She has also given up on speed dating, health clubs for the buff and beautiful, spiritual singles retreats and her friends valiant (but inevitably doomed) attempts to hook her up with Mr. Right, who quickly turns into Mr. Oh-So-Wrong. She's now embracing the Zen koan, "When you stop looking, you shall find what you're looking for," as well as the Internet axiom, "People on line often talk with forked tongue."
I tried to explain what she was up against. How women are an eternal mystery to men, how we have a considerably smaller area in our brain for processing emotion than they do, how we long for an instruction manual to provide some much needed help, and the inherent difficulty of the dating-mating ritual.
In addition, the fact that the romantic part of a man's brain is located right next to the prehistoric part of his brain can create difficulties during dating. When the man is feeling in a romantic mood, his neurons often fire like a July 4 celebration, leading to overload and massive confusion -- then the caveman part kicks in, usually scaring the woman away.
I've been out of the dating game for a long time, but when I think of the dating landscape then and now, I can't help but think of eharmony.com, whose ads are everywhere, and their grandiose claim that they will match you with someone on 29 inside dimensions of compatibility, as they take you on an exciting journey to your soulmate.
My take is that if you're really compatible with someone on 29 dimensions, your relationship will take you on a journey to the dimension known as the Twilight Zone, where you will end up driving each other nuts from over-compatibility. There's definitely something to be said for the good old we're-not-compatible-on-this-issue argument to keep a relationship vibrant.
It wasn't a Kodak moment but it certainly was a "sign of the times" snapshot. I walk into Mike's Pizza of Fairfield to order some pizzas to go and see a couple sitting opposite each other, making eye-contact solely with their smartphones -- responding to pings and beeps. In the 15 minutes I'm there, they didn't look or say one word to each other. Transfixed by the task at hand and connecting to people who were elsewhere, their conversation was in the pause mode; they were alone together. I smile thinking that maybe their relationship had evolved to the point where talking was totally unnecessary, that they had accomplished the classic "Star Trek" Vulcan "mind-meld."
I arrive home early one stormy evening. Everything seems usual, yet I sense something is not quite right. Suddenly, the family room door flies open and my wife and daughters step out, wearing Stepford Wife-like smiles and blank stares.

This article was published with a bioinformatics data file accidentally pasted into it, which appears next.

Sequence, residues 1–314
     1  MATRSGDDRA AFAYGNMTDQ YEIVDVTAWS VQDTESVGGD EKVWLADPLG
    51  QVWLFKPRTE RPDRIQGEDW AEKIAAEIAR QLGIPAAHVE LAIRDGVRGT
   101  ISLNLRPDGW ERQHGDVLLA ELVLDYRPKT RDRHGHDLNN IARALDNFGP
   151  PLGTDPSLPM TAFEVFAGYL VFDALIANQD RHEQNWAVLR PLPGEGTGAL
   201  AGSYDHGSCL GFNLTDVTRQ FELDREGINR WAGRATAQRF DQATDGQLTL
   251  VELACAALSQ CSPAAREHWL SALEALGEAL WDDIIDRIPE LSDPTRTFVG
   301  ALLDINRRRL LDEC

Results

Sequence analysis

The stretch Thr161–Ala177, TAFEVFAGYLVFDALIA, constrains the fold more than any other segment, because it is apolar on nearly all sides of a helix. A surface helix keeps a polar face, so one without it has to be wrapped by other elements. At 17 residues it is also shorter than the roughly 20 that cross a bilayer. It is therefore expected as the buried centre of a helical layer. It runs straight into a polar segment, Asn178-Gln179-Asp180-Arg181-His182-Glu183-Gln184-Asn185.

I try to fend it off but the realization pierces my brain. To my horror, my home has mysteriously been transformed into the Mood Swing Motel, which makes the Bates Motel from "Psycho" seem like Club Med in Ibiza.
My daughters do their best child from hell, Linda Blair impressions from the "Exorcist," heads spinning furiously, as my wife explains how they have concluded that I am an emotional Neanderthal and need to shape up.
"But hon, some of my women friends tell me that I am a reasonably well developed male, emotionally, and that in fact I am close to the highest level a man can reach. I realize that's not very high but it's all relative."
"They're just being nice, and remember, they don't have to live with you."
"C'mon, I'm a guy. I have built-in genetic deficits in this area. I know that I can never approach your levels of sensitivity and emotional maturity but I am trying my best."
I understood that I was dealing with three incredibly irrational, neurotic human beings who had spent way too much time watching Lifetime chick flicks, the Oprah Winfrey Network (OWN), the Oxygen Channel, the brand-new Empowerment Network, plus the occasional Brad Pitt and Johnny Depp movie.
"Barry, there's this Lifetime movie on now that we think you should watch with us."
I'm desperate to escape and feel I have no choice but to bolt upstairs and seek sanctuary watching Sunday Night Baseball on ESPN.
Erin's boyfriend's recent comment, "How does your dad manage to live with three women," echoes in my mind.
Later, as I'm dozing off, listening to John Coltrane's "The Way You Look Tonite," thinking back to how incredible my wife looked when I met her at that bus stop in Los Angeles and how a boy from the Bronx and a Dublin lass managed to make a go of it, Kelly startles me by announcing that she just ate some raspberry sorbet and now has major brain freeze.
There's a dramatic pause and she says, "Dad, how sweet would it be if a fairy godmother could whisk me off to Never Never Land when I need to get away from all the craziness."
"Yeah, Kels, but what would be even sweeter would be if world sanity was only a wave of the wand away."